So the question I need to ask myself as I prepare a message, plan a Bible Study, lead a Sunday School class, or sit down with AWANA kids is this:  do I expect something to happen when I help someone encounter God’s Word?  I should, because God, through His gospel, is in the transformation business.  He has called me to go and bear fruit that lasts.  He has called me to His ministry, and He has called me, in His power, to be both faithful and successful.

Jeff Boschmann
Pastor of Lolo Community Church


Do You Want to Write a Story?

I came to writing about a dozen years ago now and took the scenic route to publication. I felt no pressure to arrive anywhere, but poked around historic sites (old stories) long after the material had gathered a layer or two of dust. I tried a few different genres and toyed with a variety of plotting styles before one day I realized I might get old and die before I’d set my mark on the map if I kept on at this rate.

Was my journey wasted? I’d like to think not, if for no other reason than that I’ve also found I love to teach writing. Because of my array of experience, I understand that there is no “one true way” to completing a salable story. Every writer’s mind works differently, and it can take some time to learn how yours does.

One example: I got it stuck in my head early on that writers were either plotters, who created a complete outline ahead of time and stuck to it while writing, or pantsers (seat-of-the-pantsers) who sat down with a bright idea and no planning whatsoever and just wrote down whatever came to mind. It didn’t take very many novels (of the 11 I’ve written) to figure out I was neither. What has taken me a long time is figuring out what I can pull from each camp in a method that works for me. This concept of finding your plotting style is something I spend a lot of time on in the course I devised.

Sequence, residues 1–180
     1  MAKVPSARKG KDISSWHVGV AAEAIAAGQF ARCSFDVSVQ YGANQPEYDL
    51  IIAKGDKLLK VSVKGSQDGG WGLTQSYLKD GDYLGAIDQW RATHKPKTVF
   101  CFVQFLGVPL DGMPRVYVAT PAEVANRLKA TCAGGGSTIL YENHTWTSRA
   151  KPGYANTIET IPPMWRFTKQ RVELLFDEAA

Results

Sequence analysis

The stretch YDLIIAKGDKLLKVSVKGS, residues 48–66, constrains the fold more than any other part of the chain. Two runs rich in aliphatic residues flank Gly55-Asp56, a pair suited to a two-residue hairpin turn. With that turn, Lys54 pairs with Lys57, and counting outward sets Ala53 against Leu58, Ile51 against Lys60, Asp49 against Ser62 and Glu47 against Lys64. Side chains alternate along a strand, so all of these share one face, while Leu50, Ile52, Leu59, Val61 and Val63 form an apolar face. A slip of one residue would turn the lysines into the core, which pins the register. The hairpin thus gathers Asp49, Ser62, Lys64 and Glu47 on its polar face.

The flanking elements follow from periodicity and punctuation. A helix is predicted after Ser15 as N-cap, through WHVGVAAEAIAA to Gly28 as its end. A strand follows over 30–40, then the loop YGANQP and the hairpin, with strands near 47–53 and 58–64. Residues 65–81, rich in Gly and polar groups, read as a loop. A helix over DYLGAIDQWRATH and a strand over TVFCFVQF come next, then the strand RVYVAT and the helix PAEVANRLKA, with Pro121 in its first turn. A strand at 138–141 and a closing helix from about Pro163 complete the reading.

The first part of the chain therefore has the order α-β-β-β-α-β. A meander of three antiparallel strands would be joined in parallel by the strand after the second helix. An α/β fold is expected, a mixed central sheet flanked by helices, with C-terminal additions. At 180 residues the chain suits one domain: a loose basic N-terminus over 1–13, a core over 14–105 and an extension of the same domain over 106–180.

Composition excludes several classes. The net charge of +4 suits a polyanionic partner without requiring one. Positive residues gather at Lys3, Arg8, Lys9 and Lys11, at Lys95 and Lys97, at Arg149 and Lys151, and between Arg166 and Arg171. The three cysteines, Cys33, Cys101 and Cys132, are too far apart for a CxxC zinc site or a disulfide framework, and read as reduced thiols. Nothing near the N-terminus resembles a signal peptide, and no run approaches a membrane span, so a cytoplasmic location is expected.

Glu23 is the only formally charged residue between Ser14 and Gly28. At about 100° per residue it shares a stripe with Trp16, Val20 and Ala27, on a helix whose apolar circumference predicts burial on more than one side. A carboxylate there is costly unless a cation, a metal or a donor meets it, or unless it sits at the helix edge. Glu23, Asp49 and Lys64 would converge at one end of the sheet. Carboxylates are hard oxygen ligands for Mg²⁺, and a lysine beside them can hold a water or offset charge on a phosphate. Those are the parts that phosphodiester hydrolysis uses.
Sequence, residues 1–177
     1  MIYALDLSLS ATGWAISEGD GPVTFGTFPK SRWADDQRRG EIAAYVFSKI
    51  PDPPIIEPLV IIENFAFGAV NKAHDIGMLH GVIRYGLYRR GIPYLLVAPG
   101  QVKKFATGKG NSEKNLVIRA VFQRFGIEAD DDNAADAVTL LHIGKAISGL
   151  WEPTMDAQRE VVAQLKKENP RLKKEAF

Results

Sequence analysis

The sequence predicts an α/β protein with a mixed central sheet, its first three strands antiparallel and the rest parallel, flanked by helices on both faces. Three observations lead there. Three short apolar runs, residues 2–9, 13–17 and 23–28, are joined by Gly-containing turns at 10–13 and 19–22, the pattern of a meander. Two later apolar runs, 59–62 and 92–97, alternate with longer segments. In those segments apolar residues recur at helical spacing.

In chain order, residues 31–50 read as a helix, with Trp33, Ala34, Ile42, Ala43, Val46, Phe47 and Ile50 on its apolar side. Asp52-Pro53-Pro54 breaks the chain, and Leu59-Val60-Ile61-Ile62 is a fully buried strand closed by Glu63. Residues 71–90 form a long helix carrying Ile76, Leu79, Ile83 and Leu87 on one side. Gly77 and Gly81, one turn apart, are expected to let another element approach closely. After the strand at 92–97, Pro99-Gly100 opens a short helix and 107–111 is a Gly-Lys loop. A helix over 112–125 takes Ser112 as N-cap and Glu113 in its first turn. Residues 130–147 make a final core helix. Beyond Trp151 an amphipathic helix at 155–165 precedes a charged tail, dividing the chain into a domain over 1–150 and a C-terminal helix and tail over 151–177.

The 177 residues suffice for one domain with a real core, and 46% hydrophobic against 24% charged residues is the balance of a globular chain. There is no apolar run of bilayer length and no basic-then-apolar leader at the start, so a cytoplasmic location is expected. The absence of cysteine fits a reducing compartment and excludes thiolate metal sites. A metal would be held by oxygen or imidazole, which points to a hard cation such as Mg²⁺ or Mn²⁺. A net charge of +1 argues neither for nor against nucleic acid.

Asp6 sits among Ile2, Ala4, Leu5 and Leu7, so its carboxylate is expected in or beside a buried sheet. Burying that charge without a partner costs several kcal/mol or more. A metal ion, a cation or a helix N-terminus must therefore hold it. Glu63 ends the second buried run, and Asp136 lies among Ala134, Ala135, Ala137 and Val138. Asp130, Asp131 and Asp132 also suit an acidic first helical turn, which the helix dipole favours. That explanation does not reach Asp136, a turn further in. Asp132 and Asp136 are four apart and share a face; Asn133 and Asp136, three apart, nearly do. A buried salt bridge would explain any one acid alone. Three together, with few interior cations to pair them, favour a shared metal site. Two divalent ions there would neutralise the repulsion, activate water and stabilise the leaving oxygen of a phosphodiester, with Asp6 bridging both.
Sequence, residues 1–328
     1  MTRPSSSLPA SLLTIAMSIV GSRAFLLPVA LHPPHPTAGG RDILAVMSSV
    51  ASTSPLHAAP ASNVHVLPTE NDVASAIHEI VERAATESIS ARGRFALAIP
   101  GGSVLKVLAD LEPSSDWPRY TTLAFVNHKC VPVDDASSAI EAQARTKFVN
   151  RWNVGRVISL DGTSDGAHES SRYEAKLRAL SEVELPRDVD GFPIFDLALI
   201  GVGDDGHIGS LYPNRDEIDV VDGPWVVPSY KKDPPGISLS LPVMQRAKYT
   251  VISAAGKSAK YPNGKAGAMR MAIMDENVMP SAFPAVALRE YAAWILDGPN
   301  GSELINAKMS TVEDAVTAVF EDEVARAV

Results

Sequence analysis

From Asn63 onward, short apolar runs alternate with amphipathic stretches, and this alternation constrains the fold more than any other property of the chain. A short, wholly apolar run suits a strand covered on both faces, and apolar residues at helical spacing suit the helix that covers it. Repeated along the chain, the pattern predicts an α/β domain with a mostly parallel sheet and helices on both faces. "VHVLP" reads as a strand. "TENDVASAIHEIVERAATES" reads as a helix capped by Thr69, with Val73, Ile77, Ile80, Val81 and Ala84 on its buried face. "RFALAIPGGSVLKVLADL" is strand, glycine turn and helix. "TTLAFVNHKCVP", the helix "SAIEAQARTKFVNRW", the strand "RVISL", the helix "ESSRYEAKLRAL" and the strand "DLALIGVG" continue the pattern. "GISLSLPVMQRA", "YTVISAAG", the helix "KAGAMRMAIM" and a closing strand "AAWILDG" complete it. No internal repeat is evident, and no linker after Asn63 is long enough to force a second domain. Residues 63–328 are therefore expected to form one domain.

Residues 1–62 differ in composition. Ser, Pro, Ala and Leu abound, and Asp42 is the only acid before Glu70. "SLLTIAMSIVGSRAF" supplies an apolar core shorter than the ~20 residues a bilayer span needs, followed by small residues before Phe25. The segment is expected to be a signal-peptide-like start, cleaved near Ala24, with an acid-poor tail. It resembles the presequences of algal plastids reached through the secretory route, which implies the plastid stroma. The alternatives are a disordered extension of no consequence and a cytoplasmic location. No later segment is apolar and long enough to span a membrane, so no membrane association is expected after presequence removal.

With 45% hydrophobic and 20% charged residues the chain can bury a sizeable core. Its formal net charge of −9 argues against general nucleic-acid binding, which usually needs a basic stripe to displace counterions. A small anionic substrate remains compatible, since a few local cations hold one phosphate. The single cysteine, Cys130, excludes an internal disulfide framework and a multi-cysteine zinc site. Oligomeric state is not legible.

Opportunities to teach in person are not plentiful where I live in rural Western Canada. A few months ago I decided to start a new teaching blog. Sure, there are many places online where folks can learn the ins and outs of writing fiction, but I didn’t see anything quite like I had in mind (though it may well exist). I set up and fashioned a 2-prong approach to teaching a basic, methodical overview of the fiction writing process.

1. I created a FREE writing course to be delivered by email. When you sign up, you’ll receive the first lesson (the “idea” portion of planning a story) in minutes. A new lesson will arrive every week for the better part of a year as we work through the entire process, from planning, to plotting, writing, editing, publishing, and marketing fiction.

2. I post an article every Thursday on the blog. This also fits into one of the six sections as noted above. Sometimes I accept guest posts but most are written by me about lessons learned along the way.

I don’t think of writing well as “Christian” or “nonChristian.” Like many other talents and skills, it can be used for good or evil. My goal with To Write a Story is to teach the basics in a way that is suitable for anyone, teens and older, regardless of genre and religious affiliation.

To get more information and to sign up for the writing course, visit If you’d like to subscribe to the blog entries, there’s a sign-up for that on the sidebar as well. You can also follow me on Twitter at @towritestory. I tweet at least a dozen writing quotes daily as well as links to my blog to write

If you’ve always wanted to write a story, I hope you’ll join me!


Valerie Comer

Author & blogger where Faith & Food Meet Fiction; ACFW & FM member; farmer, gardener & local foods activist & follower of God.

“Raspberries and Vinegar: A Farm Fresh Romance” releases August 1, 2013